It's not what you can no longer do. It's what you can do now.
Malcolm Daly climbing in Ouray.
Photo: Kitt Daly
I read and was pondering this sentiment recently, seven months pregnant, unable to ice climb with my husband, downhill ski with my son, or bag winter Presidential peaks. I admit, I was feeling a touch sorry for myself.
Then I saw the press release for Gimps On Ice and got over myself.
Next weekend, March 8 and 9, athletes who are missing limbs, eyes, or the use of their legs will travel to Ouray’s famed park to climb vertical ice. The event is organized by Paradox Sports, a non-profit started last year to help integrate the physically disabled into the human-powered outdoor community.
The organization, led by executive director Malcolm Daly—founder of Trango, climber since 1968, and below-knee amputee since 2001—also recently announced the development of a prosthetic climbing foot in conjunction with Evolv and TRS Orthotics.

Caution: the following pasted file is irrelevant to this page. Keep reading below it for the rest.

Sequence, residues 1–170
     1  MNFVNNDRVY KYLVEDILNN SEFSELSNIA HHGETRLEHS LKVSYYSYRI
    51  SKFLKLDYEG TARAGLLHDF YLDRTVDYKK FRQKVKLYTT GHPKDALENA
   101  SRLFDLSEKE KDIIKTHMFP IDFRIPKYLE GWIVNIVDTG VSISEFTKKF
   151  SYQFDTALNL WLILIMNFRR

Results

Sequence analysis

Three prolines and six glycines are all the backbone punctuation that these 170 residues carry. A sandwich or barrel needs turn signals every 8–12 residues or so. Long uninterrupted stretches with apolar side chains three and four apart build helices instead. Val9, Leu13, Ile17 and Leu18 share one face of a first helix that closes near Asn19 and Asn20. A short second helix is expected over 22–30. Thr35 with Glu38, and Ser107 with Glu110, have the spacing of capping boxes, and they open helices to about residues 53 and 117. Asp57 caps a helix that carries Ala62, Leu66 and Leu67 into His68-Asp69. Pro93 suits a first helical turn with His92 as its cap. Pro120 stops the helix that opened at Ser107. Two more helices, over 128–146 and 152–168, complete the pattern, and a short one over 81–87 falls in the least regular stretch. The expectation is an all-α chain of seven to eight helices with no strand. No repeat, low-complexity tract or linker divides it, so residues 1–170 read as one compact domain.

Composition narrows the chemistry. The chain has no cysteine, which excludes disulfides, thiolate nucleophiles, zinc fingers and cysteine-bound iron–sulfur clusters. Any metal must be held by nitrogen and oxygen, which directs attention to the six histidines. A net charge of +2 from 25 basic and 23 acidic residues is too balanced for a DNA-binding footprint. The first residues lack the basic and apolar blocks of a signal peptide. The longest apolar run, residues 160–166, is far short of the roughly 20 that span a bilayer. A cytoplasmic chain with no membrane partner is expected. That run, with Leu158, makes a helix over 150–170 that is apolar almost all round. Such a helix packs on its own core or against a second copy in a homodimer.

Paradox poster of Warren Macdonald.
Paradox Sports was co-founded by D.J. Skelton, an Army captain wounded in Iraq in 2004, and professional climber Timmy O'Neill, who has climbed El Capitan with his paraplegic brother, Sean.
After reading clips about some of the athletes and volunteers involved in Paradox Sports I felt inspired, not sorry. These are hardcore individuals climbing ice and rock, kayaking the Grand Canyon, reaching the top of the world’s highest peaks.
As co-founder D.J. writes in his story, “once you get over the fact that life is not supposed to be, but just is as it is right now, life becomes too easy. Deal with it and keep pushing forward.”
He's right. I'm going cross-country skiing.
For more info:
Paradox Sports: www.paradoxsports.org
Paradox Sports also will be at the Red Rock Rendezvous, March 28-30.
No Barriers: www.nobarriersusa.org
A similar organization, No Barriers will hold its annual festival July 10-13, 2008, in Squaw Valley, Calif.